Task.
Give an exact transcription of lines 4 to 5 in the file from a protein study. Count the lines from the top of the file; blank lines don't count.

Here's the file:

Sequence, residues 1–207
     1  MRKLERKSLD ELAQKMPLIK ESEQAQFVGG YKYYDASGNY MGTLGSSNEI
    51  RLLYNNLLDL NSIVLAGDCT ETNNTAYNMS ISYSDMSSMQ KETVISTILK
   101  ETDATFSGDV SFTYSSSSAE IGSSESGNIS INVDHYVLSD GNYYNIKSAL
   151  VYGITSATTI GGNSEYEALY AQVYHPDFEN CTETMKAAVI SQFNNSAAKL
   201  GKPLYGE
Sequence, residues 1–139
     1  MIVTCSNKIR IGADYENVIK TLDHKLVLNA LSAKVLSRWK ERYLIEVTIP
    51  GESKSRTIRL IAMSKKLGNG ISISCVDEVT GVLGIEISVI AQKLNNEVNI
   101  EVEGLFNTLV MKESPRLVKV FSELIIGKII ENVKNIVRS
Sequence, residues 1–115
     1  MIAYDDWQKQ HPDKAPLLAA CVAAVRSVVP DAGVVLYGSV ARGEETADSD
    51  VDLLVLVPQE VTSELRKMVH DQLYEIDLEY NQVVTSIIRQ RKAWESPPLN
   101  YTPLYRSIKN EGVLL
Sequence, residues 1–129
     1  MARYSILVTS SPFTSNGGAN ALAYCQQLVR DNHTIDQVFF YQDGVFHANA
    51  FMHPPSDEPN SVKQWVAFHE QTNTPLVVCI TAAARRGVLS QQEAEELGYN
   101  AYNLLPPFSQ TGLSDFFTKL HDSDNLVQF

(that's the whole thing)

   101  ETDATFSGDV SFTYSSSSAE IGSSESGNIS INVDHYVLSD GNYYNIKSAL
   151  VYGITSATTI GGNSEYEALY AQVYHPDFEN CTETMKAAVI SQFNNSAAKL